Look up a hospital website, and the best in the world will boast a stream of accreditation standards. Accreditation signifies that the service has met the gold standard determined by the industry, often exceeding those established by national or local regulations. So says Dimitrios Papapavlous, CEO of Healthwatch, an assistance company that provides assistance in Greece and the Balkans.
Accreditation happens, typically, like this: when a hospital first decides to be accredited, it conducts a baseline assessment, which compares current services and processes against standards, to identify areas for improvement. Once it has made the necessary improvements, an on-site survey is carried out by the accreditation body. The process, depending on the accreditation body, can take anything up to two years.
Among the top accreditations available to healthcare institutions are Joint Commission International (JCI), Temos International GmbH (Temos) and Global Healthcare Accreditation (GHA) – see the headings below for more information on each accreditation body.
JCI accreditation – 'a symbol of prestige'
JCI is one of the best-known accreditation standards. “Healthcare organisations that achieve JCI accreditation undergo an exacting performance assessment and meet robust qualifications … The JCI Gold Seal of Approval, a symbol of prestige in the industry, demonstrates their commitment to quality and patient care in their facilities,” explained Joel A. Roos, Vice-President of International Accreditation, Quality Improvement, and Patient Safety at JCI.
JCI’s hospital accreditation survey covers all services offered and provided by hospitals and other healthcare organisations, including academic medical centres, laboratories, ambulatory care organisations, primary care centres, long-term care facilities, medical transport organisations, and providers of home care services. JCI standards vary based on each setting type.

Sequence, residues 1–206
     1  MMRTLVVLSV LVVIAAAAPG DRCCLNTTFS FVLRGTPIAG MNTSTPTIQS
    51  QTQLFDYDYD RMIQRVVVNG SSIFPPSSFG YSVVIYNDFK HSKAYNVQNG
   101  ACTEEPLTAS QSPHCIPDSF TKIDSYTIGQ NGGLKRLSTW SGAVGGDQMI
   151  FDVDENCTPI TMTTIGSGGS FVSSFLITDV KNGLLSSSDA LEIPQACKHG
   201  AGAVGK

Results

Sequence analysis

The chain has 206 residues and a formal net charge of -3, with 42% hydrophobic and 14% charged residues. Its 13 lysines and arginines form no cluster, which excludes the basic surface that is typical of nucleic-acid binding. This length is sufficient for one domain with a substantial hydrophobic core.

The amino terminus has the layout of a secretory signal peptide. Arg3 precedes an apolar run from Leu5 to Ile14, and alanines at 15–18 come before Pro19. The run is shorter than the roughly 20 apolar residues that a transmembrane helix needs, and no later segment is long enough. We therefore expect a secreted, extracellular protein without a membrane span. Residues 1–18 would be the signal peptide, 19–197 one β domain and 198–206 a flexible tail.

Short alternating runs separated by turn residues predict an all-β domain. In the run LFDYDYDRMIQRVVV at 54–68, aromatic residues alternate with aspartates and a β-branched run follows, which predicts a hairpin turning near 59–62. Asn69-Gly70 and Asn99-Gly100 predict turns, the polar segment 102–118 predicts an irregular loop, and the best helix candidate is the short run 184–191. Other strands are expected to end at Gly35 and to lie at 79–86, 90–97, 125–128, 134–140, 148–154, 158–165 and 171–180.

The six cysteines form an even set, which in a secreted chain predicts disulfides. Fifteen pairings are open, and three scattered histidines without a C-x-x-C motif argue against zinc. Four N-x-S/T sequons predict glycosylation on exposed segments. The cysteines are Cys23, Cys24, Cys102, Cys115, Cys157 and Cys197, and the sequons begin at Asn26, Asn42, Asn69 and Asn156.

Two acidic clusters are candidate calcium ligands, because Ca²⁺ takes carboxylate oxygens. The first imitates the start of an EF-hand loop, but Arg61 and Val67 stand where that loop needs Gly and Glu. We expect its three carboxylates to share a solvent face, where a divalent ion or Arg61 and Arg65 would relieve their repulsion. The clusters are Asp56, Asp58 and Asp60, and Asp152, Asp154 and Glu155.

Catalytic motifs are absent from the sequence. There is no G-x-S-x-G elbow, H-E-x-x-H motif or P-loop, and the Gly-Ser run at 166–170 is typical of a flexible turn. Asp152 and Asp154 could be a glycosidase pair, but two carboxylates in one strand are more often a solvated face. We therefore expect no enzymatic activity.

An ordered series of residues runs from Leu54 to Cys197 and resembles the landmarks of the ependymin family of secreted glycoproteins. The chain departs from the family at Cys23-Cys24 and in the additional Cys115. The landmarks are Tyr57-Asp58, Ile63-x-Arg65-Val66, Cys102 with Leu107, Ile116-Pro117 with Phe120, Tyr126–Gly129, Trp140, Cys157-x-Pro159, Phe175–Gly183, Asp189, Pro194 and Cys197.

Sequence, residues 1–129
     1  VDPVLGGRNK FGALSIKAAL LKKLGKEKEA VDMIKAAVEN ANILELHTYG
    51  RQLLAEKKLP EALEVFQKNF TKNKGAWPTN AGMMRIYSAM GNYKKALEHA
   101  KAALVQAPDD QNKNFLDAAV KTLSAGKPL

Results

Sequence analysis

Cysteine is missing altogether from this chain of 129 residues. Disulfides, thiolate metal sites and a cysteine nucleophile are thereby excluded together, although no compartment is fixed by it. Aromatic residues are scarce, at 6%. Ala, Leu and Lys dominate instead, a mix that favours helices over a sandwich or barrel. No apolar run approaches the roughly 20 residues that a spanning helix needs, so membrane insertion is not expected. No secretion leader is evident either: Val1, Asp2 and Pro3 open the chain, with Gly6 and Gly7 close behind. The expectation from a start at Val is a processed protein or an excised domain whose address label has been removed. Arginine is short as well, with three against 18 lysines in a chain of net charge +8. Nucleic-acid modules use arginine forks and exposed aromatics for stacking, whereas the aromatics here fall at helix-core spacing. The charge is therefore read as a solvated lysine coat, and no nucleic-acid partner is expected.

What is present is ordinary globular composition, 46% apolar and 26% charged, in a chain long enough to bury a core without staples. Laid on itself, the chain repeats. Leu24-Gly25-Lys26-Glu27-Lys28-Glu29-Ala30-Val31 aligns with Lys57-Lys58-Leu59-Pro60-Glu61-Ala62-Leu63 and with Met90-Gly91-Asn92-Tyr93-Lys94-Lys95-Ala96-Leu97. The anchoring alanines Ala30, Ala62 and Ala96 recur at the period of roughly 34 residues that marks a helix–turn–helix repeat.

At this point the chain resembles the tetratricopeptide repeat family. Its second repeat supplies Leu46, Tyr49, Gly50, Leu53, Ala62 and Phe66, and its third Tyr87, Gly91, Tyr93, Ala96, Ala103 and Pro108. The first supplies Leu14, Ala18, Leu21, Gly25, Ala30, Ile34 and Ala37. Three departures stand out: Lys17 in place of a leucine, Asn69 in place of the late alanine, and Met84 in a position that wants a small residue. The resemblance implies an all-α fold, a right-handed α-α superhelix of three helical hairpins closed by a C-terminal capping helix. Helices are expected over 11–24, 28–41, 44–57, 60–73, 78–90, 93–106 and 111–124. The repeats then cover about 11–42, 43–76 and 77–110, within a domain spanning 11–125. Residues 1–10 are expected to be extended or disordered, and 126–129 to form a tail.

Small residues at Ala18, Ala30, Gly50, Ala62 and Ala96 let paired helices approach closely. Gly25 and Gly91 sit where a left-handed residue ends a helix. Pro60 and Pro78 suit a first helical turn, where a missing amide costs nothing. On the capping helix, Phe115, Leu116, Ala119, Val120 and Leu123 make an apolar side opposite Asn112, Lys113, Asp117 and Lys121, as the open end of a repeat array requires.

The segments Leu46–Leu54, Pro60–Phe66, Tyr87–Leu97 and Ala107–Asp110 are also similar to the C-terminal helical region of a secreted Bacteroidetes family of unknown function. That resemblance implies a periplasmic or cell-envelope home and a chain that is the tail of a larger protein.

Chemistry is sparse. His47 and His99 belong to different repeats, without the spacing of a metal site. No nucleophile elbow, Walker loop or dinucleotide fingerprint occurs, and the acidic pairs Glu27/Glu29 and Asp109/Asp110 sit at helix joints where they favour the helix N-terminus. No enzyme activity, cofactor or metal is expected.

Temos – 'bringing German standards of healthcare to the global market'
Temos was spun out of a German university project 10 years ago, which, according to Dr Claudia Mika, CEO of Temos, sought to bring the standards used in the German healthcare system to international healthcare. In addition, it filled the gaps where other accreditation schemes were missing; key pieces of information relevant to the international patient experience. Those included guarantees that English could be spoken by a doctor within 24-hours – for emergency services, or whether fit-to-fly certification could be available.
Dr Mika explains that organisations accredited by Temos generally go ‘way beyond’ the general criteria required for accreditation, as laid out by the organisation that accredits accreditation bodies, the International Society for Quality in Health Care (ISQua). Temos accreditation schemes include around 500 criteria, including those related to the United Nation’s Sustainable Development Goals – such as health worker gender pay parity – and ethics. Importantly, hospitals may not pick and choose which parts of its scheme can be accredited. “This is unique and this is what [a hospital] can do on top,” Dr Mika said. The organisation also differs, she said, in that it does not charge thousands of dollars in consultation fees to prepare hospitals for their assessment.
GHA – 'assessing the entire international patient experience'
Similarly, GHA differs from other international bodies in that it requires hospitals or clinics to have received clinical accreditation before they apply for its specialised medical travel accreditation, said Karen Timmons, CEO of GHA.
GHA claims to differentiate itself from other accreditation bodies by assessing the entire international patient experience. Timmons explains that this really starts from the point of inquiry to a destination and provider, pre-travel assessment, information sharing and planning, travel, hotel accommodations, admission, discharge, recovery and travel back home. “That means organisations need to measure and pay a lot of attention not only to good clinical outcomes, but also good patient experience and good business practices,” she explained. Accurate and transparent pricing and risk information on the website is just as important as how medical records are managed, she said. This means home physicians will be able to read medical reports in their primary language when the patient returns home.
“GHA conducts a deep dive into the medical travel programme of a hospital or clinic,” she explained. “GHA’s focus is on patient experience, sustainable business practices and patient-focused care management impacting the medical travel patient.” GHA accreditation usually take around three to six months to prepare, and GHA surveyors include a two-person team, one with a background in international healthcare, and the other a background in medical travel.
Different levels of accreditation available